3 powerful mindset shifts I made to quit anxiety as a single mum
The first tip I’ll share is to begin to understand that our thoughts aren’t real. Maybe it’s a controversial one, but to illustrate it let’s do a simple thought experiment. Pick any in animate object around you right now. A book, a chair. Maybe your phone. Now, consider that no matter how hard you think about the object, your thought about it will NEVER be the thing itself. Thoughts are only ever an interpretation of the world around us. They operate like a feedback system, so even if you didn’t catch yourself having a negative thought, you’ll know you did, because you’ll feel rubbish! And that doesn’t *necessarily* mean everything is sh1t, but rather that you have been giving your attention to the negatives rather than the positives, or that you are perceiving things as purely negative rather than actively looking for the positives. It takes practice and awareness to retrain your brain to focus more on the positives, but every time you do, the neural connections strengthen and it becomes easier and easier until your brain gets wise and automates it for you!
We have lives that have outstripped our evolutionary development. What does that mean? It’s means that your body is reacting to threats to your physical or mental wellbeing as if they’re literally a threat to your life. You go into fight/ fright/ flight/ freeze/ submit, which are all controlled by an area of the brain called the amygdala. It keeps us safe from things like being run over by a bus, or an attack from a sabre tooth tiger, it’s not so useful when you’re attempting to parent your kids, or working out your budget for the month. There are simple and effective ways to hack this, many of which involve using your physiology to show your brain that there’s nothing to worry about. Breathing deep, extending your out-breath and dropping your tongue to the base of your mouth are just 3 ways of many more that can calm your body and mind, and allow for more rational (and pleasant!) responses.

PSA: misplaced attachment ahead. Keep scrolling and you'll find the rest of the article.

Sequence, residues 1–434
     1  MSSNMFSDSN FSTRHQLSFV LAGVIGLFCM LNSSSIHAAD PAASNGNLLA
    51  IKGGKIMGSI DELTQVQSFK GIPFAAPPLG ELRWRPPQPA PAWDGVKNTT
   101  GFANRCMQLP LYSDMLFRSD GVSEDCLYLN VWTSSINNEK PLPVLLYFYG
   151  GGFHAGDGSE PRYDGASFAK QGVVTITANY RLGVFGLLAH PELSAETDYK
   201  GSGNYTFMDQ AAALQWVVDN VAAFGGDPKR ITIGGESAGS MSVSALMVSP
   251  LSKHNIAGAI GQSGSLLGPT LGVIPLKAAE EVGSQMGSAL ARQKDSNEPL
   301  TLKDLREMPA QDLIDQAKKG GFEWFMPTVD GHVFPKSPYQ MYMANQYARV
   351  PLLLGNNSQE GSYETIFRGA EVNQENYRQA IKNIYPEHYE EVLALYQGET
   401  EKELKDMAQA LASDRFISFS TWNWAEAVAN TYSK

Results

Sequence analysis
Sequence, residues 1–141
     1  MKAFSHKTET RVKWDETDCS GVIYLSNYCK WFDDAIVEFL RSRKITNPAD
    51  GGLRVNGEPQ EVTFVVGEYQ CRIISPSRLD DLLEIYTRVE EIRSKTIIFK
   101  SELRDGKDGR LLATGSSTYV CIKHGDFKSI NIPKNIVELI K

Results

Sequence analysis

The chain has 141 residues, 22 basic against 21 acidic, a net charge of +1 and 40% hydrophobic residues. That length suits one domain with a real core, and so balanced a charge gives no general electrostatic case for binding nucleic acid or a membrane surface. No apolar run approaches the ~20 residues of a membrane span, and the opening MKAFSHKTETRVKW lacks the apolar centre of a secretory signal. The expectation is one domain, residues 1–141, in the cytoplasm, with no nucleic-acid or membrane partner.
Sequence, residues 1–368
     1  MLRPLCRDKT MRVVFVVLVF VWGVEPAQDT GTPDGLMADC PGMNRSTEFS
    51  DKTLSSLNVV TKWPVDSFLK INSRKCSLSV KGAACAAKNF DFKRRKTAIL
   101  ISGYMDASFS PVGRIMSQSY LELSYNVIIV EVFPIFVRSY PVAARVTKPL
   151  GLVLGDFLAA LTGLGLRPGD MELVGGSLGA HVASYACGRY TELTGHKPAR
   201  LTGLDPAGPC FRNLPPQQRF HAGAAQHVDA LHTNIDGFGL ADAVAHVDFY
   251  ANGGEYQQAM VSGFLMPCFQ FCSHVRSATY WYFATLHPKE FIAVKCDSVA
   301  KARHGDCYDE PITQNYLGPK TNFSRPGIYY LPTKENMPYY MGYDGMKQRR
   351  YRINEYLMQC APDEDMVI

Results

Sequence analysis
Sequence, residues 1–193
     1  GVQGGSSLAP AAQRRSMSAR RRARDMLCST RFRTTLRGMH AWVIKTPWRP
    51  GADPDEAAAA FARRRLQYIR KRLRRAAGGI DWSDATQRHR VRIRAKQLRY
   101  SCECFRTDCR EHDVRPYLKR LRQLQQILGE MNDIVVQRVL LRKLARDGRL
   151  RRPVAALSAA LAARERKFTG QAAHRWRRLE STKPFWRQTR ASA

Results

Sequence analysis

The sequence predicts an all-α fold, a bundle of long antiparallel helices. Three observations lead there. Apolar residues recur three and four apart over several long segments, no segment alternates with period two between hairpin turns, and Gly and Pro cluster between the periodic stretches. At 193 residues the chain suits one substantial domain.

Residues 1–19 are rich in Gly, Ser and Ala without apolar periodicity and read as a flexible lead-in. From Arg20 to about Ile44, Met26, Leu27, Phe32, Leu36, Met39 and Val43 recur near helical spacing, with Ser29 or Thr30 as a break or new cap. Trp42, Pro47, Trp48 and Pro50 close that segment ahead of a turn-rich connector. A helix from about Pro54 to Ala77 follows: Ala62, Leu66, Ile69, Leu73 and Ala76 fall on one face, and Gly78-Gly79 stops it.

This last tip is a counter intuitive one, and it builds on the idea of becoming self aware, so that rather than being totally absorbed in your own process, you get to witness and decide... is this serving me? If something comes up for you and you begin to feel tense, anxious or panicky, you can just observe the thought for a moment. Perhaps it’s something about your kids, about money or work, or your ex. It can be anything, it just needs to be making you feel uncomfortable. For this process, you take the thought to it’s worst possible conclusion. If it’s that you’re not sure you can make rent this month, notice what it is you’re allowing that to mean. Does it mean you’re useless? You’ve failed? You’ve let people down? Does it mean you’ll be homeless? Destitute?
When we notice the thoughts we are having, that are creating the feelings and a pretty rubbish experience, it’s useful to start to look at the meaning we’re making. Because remember, if it’s in the future, you cannot be 100% sure it will happen. So all the time spent worrying gets in the way of creative problem solving. There are more powerful and creative questions to be asking, no matter what the current situation, than ‘how could I have let this happen?’.
Take that negative thought to it’s worst possible conclusion, and then question the validity of it. Is it true? What else could you begin to believe instead, that would give you a chance to be happier, calmer and more positive?